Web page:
Welcome to Triple Choice Tuesday. This is where I ask some of my favourite bloggers, writers and readers to share the names of three books that mean a lot to them. The idea is that it might raise the profile of certain books and introduce you to new titles, new authors and new bloggers.
Today’s guest is the Irish writer Paula McGrath, who lives in Dublin.
Paula has a background in English Literature and is currently a doctoral student at the University of Limerick.
Her first novel, Generation, was published in 2015. Her latest novel, A History of Running Away, has just been published in hardback by John Murray. I read it while on holiday a few weeks ago and really enjoyed it. Watch out for my review coming very soon.
Without further ado, here are Paula’s choices:
A favourite book: The Lover by Marguerite Duras
Ulysses (see below), and The Baron in the Trees by Italo Calvino are strong contenders, but every few years I return to another favourite, The Lover, by Marguerite Duras. Set in pre-war Indochina of Duras’ childhood, this novel (novella, really) tells the unsettling story of a 15 year old girl and her wealthy Chinese lover. I first read it when I was in my early twenties, and it intrigued and alienated me in equal measure; as much as I was fascinated by its protagonist, I could not relate to experiences which were just too far removed from my own. But something curious has happened in the intervening years: with each reread, my world-view seems, if not quite to converge, at least to draw closer to that of Duras’s protagonist. But there is something about the book which I suspect will always remain a puzzle, and I can’t help thinking that Duras, who rewrote her story over and over, in different guises, felt the same.
A book that changed my world: Ulysses by James Joyce
I read Ulysses first at 18 and though most of it went over my head I was hooked. I studied it a couple of years later with then Trinity College lecturer, now Senator David Norris, a brilliant entertainer and teacher, who brought the book to life. Once you’ve heard his “shite and onions” rendition you can never unhear it. In the nineties, I was back worrying it again, comparing the Penelope/Molly Bloom episode with Edna O’Brien’s Night for a Master’s degree. Later, I bought the audio version and I listen to bits of it often. I don’t think I’ll ever tire of it.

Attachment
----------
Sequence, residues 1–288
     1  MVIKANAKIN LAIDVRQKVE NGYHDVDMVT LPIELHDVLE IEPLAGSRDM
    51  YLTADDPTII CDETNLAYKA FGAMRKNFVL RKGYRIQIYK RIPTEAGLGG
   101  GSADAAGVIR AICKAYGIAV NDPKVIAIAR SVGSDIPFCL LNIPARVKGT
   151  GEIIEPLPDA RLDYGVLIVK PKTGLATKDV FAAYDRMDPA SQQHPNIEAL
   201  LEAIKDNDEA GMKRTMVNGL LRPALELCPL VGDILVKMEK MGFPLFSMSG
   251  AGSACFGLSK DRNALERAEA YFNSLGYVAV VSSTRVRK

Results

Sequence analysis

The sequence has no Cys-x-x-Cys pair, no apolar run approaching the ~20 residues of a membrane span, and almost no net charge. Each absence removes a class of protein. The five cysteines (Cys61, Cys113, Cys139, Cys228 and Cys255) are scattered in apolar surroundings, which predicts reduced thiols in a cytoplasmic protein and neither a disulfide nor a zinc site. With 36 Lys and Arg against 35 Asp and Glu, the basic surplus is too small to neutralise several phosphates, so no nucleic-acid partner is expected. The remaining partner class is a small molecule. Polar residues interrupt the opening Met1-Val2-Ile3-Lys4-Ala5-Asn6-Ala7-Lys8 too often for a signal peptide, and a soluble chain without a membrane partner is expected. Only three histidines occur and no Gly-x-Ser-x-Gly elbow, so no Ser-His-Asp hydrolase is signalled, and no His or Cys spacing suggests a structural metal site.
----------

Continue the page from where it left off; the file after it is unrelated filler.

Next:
I fought against it when I began writing, as every Irish writer must. I wince when I look over something I’ve just written and find unintentional stream-of-conscious sentences or composite words – a section of my novel, A History of Running Away, had to be prised gently from my Joyce-stained fingers and properly punctuated – but I wouldn’t have it any other way.
A book that deserves wider audience: Gods & Angels by David Park
Otherwise well-read people often admit not having read, or even heard of, David Park. I wouldn’t be surprised if I were to learn that he’s not particularly interested in reaching a wider audience, but I can’t recommend his short story collection, Gods & Angels, enough. It takes its title from Hamlet’s “What a piece of work is man” speech, and aptly encompasses the book’s dominant theme of masculinity. Fear, inadequacy, and isolation hover just beneath the surface for most of the predominately male protagonists. Park is a consummate stylist, and this collection flows and startles by turn, its language ever-attuned to the requirements of the given moment. Sometimes these moments can seem hopeless, but for all the failings of its protagonists, the stories in this collection ultimately offer plenty of reasons for optimism.
Thanks, Paula, for taking part in my Triple Choice Tuesday!
This is such a great selection of books. I’m a big fan of The Lover, which I read and reviewed a few years ago. It’s one of those books that really sticks with you, it’s so evocative and sensual.
I’ve also read Ulysses (though never reviewed it) and regard it as one of the most amazing novels I’ve ever read. No, I didn’t understand every word, but the playful use of language, the way each chapter is written in a different style and genre, the evocative atmospheres and emotions of it all, are really something to behold.
What do you think of Paula’s choices? Have you read any of these books?